The NFL made a strong push to expand its international footprint this season and could take yet another significant step this week.
Team owners are convening in Irving, Texas, on Tuesday and Wednesday for a special league meeting. A source confirmed to Front Office Sports that the agenda includes a vote, expected on Wednesday, to require all 32 clubs to play one designated home game outside the U.S. every four years. Right now, teams are required to do so once every eight years. Sports Business Journal initially reported the news.
The NFL played five international games this fall — three in London and two in Frankfurt — and is exploring the possibility of playing future games in Madrid and Sao Paulo, Brazil, along with plans to eventually return to Mexico City. NFL commissioner Roger Goodell has made multiple comments about expanding in Europe and even hinted at playing a Super Bowl in London.
A source told NBC Sports’ Peter King that the new international measure should be easily approved, which could allow the NFL to start playing nine games abroad per season as soon as 2025.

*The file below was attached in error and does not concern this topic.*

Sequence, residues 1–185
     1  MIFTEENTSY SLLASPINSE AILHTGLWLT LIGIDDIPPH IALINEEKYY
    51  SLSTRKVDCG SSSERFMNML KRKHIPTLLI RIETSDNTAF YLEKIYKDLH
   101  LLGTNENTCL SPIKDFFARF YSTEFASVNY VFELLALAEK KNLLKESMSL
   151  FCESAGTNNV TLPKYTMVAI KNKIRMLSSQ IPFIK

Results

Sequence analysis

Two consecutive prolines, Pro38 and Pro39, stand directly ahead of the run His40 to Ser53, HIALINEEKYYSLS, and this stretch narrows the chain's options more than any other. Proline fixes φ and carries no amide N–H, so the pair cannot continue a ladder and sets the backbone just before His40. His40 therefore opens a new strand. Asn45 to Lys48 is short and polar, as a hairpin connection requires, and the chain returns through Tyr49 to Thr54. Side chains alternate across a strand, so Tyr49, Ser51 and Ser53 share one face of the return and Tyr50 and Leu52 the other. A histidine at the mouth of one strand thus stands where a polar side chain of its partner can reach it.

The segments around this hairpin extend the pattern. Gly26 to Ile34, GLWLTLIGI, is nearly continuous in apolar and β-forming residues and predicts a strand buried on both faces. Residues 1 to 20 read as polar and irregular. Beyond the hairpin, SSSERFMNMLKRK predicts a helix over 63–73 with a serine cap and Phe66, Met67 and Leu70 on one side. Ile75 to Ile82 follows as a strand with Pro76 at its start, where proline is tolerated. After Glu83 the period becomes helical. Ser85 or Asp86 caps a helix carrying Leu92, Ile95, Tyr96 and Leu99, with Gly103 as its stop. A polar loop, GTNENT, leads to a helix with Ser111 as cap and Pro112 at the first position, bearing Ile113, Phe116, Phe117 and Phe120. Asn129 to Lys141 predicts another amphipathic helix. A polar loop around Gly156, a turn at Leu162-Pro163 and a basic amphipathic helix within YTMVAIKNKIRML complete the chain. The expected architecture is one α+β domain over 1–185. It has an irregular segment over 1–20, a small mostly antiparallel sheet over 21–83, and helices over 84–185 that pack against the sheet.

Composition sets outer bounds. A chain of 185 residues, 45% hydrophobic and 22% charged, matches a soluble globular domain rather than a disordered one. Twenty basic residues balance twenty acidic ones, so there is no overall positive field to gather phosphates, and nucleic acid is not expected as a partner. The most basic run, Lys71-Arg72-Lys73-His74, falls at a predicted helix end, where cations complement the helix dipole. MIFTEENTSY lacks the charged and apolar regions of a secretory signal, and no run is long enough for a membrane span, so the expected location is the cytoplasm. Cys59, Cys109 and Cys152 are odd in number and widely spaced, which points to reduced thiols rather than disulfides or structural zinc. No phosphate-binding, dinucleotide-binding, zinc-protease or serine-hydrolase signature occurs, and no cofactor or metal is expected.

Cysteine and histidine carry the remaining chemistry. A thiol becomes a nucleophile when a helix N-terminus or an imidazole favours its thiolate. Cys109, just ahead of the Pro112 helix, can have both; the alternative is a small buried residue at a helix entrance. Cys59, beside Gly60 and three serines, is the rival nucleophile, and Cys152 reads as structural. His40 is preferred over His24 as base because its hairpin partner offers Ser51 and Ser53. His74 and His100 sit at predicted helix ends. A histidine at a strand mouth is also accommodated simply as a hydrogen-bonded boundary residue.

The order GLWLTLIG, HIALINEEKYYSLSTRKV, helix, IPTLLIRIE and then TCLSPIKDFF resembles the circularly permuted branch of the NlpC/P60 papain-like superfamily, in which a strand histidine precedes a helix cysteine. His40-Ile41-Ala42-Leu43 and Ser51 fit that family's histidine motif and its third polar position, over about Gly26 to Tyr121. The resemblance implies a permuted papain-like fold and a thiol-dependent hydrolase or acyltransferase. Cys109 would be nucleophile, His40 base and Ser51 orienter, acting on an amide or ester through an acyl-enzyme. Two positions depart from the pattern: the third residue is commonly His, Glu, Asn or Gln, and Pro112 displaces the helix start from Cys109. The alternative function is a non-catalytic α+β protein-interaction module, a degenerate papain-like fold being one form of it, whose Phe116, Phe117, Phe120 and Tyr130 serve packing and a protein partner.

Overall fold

New Package To Sell?
Currently, games in Europe are typically broadcast at 9:30 a.m. ET, mostly on NFL Network, and one per season on ESPN+ the past two years. Creating a larger slate of games could allow the NFL to sell those broadcasts as their own package.
Former NFL executives have told Front Office Sports they expect the league to move toward a larger schedule of international games before considering placing a franchise abroad. Meanwhile, the NFL has been exploring the potential of putting an international game exclusively behind the paywall of its streaming service NFL+.